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Patriots Lost

A dozen years after 9/11, it’s easy to forget America’s battlefields. But the growing list of the fallen is a stark reality.


At the Virginia War Memorial, a wall commemorates nearly 300 Virginians killed in the War on Terrorism. - SCOTT ELMQUIST
  • Scott Elmquist
  • At the Virginia War Memorial, a wall commemorates nearly 300 Virginians killed in the War on Terrorism.

After he arrived in Afghanistan last December, soldier Kyle P. Stoeckli reassured his parents back in Chesterfield County's Foxfire subdivision not to worry. U.S. troops had been fighting in that country for 12 years and "it wasn't as dangerous as people think," his father, Bruno, recalls him saying.

On June 1 came the tragic news that Kyle, a cheerful, brown-eyed 21-year-old Army specialist, was dead. Details are still scarce, but he'd been walking near a Stryker armored vehicle near the town of Maiwand when he was hit by a blast from an improvised explosive device, known as an IED.

Such bombs are responsible for many of the 2,245 Americans who have died in Afghanistan and the 4,486 killed in Iraq. Of them, some 286 are Virginians. About two dozen are from the Richmond area and numbers steadily grow.

Soldier Kyle P. Stoeckli died in Afghanistan last month. - BRUNO STOECKLI
  • Bruno Stoeckli
  • Soldier Kyle P. Stoeckli died in Afghanistan last month.

For Bruno Stoeckli, an engineer who emigrated from Switzerland, the death of his son is especially unsettling coming so many years after the 9/11 terrorist attacks that prompted U.S. incursions in Iraq and Afghanistan. Mastermind Osama Bin Laden was slain three years ago in Pakistan. U.S. troops mostly are withdrawn from Iraq and are expected to draw down from Afghanistan at the end of this year.

Kyle, in fact, was packing up for his return. "He was due to be on his way out about five weeks after this happened," his father says. He was supposed to be back in Texas until the end of the year. He was thinking about going to flight school after that, says his father, while he sits in his family room where there's a miniature rocking chair that was used by Kyle when he was a toddler.

The gregarious 2010 Cosby High School graduate and lacrosse fan wasn't exactly a super patriot, his father says. Kyle was only 9 when the World Trade Center towers in New York were destroyed. "He talked a lot about it when he got home from school that day," his father says.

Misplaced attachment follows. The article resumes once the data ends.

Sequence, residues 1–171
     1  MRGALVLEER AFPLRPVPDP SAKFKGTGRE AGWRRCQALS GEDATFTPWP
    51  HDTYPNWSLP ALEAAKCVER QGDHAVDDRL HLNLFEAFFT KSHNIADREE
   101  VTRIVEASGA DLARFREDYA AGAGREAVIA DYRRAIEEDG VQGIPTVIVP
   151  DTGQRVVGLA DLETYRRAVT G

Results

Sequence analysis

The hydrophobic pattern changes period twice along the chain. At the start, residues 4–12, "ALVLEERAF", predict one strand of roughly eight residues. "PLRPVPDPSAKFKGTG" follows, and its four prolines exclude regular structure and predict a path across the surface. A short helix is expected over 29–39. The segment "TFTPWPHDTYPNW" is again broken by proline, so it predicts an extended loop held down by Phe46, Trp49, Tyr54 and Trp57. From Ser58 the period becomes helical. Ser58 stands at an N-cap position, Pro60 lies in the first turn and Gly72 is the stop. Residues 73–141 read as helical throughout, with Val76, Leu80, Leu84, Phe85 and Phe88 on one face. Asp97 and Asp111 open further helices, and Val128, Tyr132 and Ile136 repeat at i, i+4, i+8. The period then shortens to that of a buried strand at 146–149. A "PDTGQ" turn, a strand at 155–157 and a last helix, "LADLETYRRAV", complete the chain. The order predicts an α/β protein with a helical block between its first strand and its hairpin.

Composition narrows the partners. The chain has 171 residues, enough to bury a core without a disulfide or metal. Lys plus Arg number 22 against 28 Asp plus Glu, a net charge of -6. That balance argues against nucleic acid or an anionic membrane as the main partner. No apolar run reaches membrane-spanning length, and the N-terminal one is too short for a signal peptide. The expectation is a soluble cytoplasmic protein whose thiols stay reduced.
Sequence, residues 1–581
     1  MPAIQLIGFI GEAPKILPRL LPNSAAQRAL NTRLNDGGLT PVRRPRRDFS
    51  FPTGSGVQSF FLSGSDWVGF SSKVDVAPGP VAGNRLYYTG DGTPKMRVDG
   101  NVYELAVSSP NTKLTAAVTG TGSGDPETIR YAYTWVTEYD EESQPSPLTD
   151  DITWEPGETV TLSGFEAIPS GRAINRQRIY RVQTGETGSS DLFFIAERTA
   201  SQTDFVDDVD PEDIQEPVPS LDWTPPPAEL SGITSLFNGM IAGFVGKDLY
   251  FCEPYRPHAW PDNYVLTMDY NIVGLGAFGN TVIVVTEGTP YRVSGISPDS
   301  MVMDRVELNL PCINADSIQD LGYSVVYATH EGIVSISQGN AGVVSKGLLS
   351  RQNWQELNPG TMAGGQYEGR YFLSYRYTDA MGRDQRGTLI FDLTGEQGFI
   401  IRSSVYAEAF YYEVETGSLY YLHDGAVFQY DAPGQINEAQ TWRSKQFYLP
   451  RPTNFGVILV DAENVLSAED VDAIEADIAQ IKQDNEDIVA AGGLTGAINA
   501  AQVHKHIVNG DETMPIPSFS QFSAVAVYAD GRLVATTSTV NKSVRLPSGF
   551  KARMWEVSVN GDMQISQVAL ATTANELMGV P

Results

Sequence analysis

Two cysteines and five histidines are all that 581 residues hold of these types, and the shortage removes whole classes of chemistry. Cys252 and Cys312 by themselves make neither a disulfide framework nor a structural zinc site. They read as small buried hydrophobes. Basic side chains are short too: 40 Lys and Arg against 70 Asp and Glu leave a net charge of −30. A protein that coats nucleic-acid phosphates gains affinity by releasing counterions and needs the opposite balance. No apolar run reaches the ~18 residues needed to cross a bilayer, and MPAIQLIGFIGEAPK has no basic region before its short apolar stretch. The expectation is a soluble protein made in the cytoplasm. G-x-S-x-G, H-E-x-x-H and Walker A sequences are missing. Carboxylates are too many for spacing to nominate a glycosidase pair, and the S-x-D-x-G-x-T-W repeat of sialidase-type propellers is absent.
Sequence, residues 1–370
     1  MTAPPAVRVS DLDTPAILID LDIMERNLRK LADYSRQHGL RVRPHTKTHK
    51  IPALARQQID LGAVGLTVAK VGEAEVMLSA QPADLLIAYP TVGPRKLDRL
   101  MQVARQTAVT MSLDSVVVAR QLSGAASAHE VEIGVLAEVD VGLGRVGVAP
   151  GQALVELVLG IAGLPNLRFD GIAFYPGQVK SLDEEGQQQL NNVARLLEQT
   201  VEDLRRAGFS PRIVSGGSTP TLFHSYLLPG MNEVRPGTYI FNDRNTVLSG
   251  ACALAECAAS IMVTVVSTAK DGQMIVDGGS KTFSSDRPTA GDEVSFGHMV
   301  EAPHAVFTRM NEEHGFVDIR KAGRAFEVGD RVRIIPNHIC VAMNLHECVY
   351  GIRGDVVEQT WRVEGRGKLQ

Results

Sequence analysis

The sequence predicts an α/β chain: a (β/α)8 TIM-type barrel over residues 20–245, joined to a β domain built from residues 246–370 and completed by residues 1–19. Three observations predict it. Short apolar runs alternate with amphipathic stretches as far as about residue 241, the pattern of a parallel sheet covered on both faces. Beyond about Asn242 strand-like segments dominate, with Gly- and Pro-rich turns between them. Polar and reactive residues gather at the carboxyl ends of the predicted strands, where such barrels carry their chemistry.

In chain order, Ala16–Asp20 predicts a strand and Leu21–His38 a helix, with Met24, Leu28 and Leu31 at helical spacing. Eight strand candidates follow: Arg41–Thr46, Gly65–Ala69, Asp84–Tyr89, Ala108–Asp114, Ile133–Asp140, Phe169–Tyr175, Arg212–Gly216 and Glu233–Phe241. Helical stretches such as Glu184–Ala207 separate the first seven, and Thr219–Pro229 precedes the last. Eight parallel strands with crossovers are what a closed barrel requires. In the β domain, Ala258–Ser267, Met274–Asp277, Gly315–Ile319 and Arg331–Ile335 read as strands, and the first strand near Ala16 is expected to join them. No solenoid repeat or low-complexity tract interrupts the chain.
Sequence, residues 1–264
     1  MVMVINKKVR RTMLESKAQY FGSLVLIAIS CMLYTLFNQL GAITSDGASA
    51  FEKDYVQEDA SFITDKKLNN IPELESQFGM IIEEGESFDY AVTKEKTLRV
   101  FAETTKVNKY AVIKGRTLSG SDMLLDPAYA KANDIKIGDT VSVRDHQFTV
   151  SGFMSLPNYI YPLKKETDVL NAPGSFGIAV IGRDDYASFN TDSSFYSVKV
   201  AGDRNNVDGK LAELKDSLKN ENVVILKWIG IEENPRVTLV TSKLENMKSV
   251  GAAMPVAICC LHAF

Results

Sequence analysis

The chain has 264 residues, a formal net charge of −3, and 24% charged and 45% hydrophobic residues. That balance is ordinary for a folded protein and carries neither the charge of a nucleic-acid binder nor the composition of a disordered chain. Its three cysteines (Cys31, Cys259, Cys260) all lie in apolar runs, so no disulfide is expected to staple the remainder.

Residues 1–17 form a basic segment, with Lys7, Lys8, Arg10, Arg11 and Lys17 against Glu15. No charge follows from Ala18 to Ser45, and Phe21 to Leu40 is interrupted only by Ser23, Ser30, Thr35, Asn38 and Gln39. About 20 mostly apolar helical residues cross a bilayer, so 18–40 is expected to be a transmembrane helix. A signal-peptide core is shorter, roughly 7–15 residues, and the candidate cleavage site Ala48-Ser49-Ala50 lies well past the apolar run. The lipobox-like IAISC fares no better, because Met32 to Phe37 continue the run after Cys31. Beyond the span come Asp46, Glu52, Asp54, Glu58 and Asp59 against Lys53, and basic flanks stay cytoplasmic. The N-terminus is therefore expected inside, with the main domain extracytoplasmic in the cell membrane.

Years later, Kyle wasn't sure what to do after high school, so he joined the Army. "My wife and I were flabbergasted," Stoeckli says. "We're not military people. But we supported it because he wanted to be independent."

After training at Ft. Benning in Georgia, Kyle was assigned to the 1st Armored Division at Ft. Bliss near El Paso where the dry, rugged mountain terrain was an ideal preparation for Afghanistan for his unit. Kyle volunteered "for the less-than-glamorous work details" and had "an extremely optimistic personality that spreads through the platoon like a virus," 1st Lt. Austin Caroe wrote in a newsletter.

As in Kyle's case, casualties tend to come through attrition over long periods. Causes include firefights, truck accidents, helicopter crashes, and, quite often, IEDs. Pfc.Leslie D. Jackson, an 18-year-old graduate of Richmond's George Wythe High School, was killed when her vehicle was hit by an IED in Iraq on May 20, 2004. Such devices also killed Staff Sgt. Jason Arnette, 24, of Amelia, in Iraq in 2007 and Staff Sgt. Jamie C. Newman, a 27-year-old Richmonder, in Afghanistan.

Honoring so many deaths initially caught Virginia officials off guard. One who came through was Gov. Robert F. McDonnell. When he was attorney general in 2006, McDonnell started collecting pictures of American war dead from Iraq and Afghanistan in 2006 in his office. While combat plodded on, pictures stacked up. The exhibit now totals 286 and has been moved temporarily to a basement room at the Virginia War Memorial. A permanent exhibit is planned on the site, spokesman Jeb Hockman says. In the works is an $18.6 million expansion project that will include a four-story parking deck and offices for the Virginia Department of Veterans Services. Hockman says more names will be added each Memorial Day.

That's cold comfort, however, to those who remember Kyle, and to his father, still shaken over how the Army handled Kyle's death. His remains arrived for processing at Dover Air Force Base in Delaware on Monday, June 3, but the family was kept in the dark about when to plan a funeral. After no answers for nearly a week, "we finally learned the following Sunday that his remains would be released the next day," Stoeckli says.

The June 13 funeral at St. Gabriel's Catholic Church on Winterpock Road was packed. Midway through it, a severe thunderstorm eerily knocked out power. Candles were quickly lighted. Stoeckli says the Army "did they best they could, and our community was absolutely great and supportive." But it won't bring back Kyle, says his father, who adds, "I can't understand why the fighting has gone on so long." S

The family asks that donations be made to the Kyle P. Stoeckli Memorial Scholarship Fund at

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